had faded away by the 1930's and is no longer observed in contemporary Visayan society, although the
songs are still performed for the sake of performance.The traditional instrument used to accompany the
balitaw was a three-string-coconut-shell guitar; later, a harp adopted as the instrument of choice because
more chords could be played on it.The Visayan balitaw is usually in the minor key, while the Tagalog is in
the major.

Balitaw sa Paghangyo sa Gugma

(Balitaw of Courtship)
Day, ang pagsubang sa adlaw sa kabuntagon,
Ang kangitngit nga tanan mihayag,
Sa imong kaambong
Ang kasingkasing ko nabihag.
'Dong, kining akong kaanyag,
Ako ra kining kaugalingon;
Ug pananglit ikaw nabihag,
Unsay labut ko sa imong dangaton?
'Day, tinuod wala kay kalabutan,
Tinuod nga wala mo ako sugo-a;
Kay ang kaibog ko kanimo gikan,
Kanimo ko gayud usab panilnga.
'Dong, ngano nga ako'y imong panilngan,
Unsa may utang ko kanimo?
Ngano nga ako'y imong pasanginlan,
Nga imo ra man kanang gusto?
'Day, dili man utang ang giingon ko kanimo,
Ug dili sinugo lang ako sa akong kaibog;
Panimpalad lang kini ug kaluy-an mo
Kay usahay dili ako mahikatulog.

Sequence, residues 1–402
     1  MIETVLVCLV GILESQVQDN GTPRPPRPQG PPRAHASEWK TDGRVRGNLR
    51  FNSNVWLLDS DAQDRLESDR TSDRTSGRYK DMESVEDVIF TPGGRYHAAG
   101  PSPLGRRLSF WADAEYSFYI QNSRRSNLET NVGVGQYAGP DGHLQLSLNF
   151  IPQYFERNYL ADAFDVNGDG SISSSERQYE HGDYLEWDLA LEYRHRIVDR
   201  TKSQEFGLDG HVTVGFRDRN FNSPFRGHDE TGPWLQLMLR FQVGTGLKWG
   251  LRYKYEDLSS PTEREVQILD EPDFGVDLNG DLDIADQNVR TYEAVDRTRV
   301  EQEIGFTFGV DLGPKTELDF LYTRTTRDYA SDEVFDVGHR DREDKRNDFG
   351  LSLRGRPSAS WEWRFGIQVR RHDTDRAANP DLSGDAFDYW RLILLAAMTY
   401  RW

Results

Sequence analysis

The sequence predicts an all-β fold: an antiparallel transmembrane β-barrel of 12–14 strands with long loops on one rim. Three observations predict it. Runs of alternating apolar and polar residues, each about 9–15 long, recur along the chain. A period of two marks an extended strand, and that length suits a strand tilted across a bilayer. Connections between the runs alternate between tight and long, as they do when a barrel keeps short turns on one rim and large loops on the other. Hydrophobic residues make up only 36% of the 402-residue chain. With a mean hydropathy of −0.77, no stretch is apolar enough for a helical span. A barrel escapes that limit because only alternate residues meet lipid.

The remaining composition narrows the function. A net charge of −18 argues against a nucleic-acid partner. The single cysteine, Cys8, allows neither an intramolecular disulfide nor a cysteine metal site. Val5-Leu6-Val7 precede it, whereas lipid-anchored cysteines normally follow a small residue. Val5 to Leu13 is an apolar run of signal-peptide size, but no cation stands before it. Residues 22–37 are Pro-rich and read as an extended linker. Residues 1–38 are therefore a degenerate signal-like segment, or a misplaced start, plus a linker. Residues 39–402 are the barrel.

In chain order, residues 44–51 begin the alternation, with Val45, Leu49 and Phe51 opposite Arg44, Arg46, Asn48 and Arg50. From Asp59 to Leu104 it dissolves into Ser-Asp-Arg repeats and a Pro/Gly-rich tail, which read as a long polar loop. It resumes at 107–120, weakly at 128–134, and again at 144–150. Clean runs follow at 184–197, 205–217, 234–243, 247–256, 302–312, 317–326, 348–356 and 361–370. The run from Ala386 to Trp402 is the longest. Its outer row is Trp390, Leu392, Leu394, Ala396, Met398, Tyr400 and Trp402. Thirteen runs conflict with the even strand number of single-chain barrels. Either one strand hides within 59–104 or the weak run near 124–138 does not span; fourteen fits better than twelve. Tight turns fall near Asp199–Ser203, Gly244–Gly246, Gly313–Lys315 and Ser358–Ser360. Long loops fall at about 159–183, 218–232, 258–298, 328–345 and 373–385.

'Dong, aron mo gayud hisayran,
Timan-i aron dili ka malimot:
Bisan unsay imong dangatan,
Para kanako wala kay mapa-abut.

'Day, when the sun rises in the morn,
All the darkness around is lit up;
With your womanly beauty and grace,
My heart is captivated.
'Dong, this loveliness in me that you see
Is mine alone to cherish;
If you are captivated,
What have I to do with your fate?
'Day, it's true you have nothing to do with
my fate,
Nor did you ask to be part of it;
Yet you are the reason for my affliction,
So from you I seek my due.
'Dong, why will you come to me?
What do I owe you?
Why will you blame me,
When no one is to blame but yourself?
'Day, I speak not of any debt,
But my love makes me do what I do;
I am taking a chance you will yield to me,
For sometimes I cannot sleep.
'Dong, so that you may well know,
Mark this so you will not forget:
Happen what may with you,
From me you have nothing to expect.